With the advent of the Companies Act 2014, a new legal form similar to that of the CLG is now available to charities: the Designated Activity Company (DAC). Unlike a CLG, a DAC is a company with share capital that can be limited by guarantee. However both DACs and CLGs are required to include the company’s objects (purposes) in their memorandum of association, and for both their activities are partially limited to these objects and reasonably incidental activities (Companies Act 2014 Sections 967, 972, 973 (DACs); Sections 1176, 1182, 1183 (CLGs)). While charities now have the option to form as DACs, or convert to DACs from CLGs, it is expected that many will continue to operate as CLGs, as it may not suit charities to have a share capital which allows ownership to be transferred. If charities do adopt the DAC structure, they might place restrictions on the transfer of shares in their memorandum and articles.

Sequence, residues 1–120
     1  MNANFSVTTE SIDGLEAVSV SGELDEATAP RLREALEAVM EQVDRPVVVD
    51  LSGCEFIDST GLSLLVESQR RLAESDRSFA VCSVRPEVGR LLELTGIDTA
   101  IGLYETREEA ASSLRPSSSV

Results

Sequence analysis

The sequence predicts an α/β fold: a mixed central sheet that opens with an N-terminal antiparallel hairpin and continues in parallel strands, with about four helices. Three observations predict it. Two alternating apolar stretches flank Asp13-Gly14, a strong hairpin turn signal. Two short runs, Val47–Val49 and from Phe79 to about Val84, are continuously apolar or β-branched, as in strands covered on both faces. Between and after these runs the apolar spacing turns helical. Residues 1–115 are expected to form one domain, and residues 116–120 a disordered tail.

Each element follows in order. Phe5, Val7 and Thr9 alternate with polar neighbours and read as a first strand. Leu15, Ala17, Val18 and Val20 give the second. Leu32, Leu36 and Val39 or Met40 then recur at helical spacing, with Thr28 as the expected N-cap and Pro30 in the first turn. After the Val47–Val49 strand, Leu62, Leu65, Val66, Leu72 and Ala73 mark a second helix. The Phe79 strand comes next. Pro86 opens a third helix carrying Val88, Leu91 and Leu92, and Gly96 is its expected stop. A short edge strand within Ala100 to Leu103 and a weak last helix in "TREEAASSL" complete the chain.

NPOs in Ireland are not required to be established for the public benefit. Most NPOs, in fact, are established for the benefit of their members, including sporting and recreation clubs, professional bodies, political parties, trade unions, cooperatives, and credit unions. An NPO must be established for the public benefit, however, to be eligible for charitable status. All NPO forms discussed here—unincorporated associations, trusts, companies limited by guarantee, and designated activity companies—are eligible for charitable status if formed for a purpose that serves the public benefit.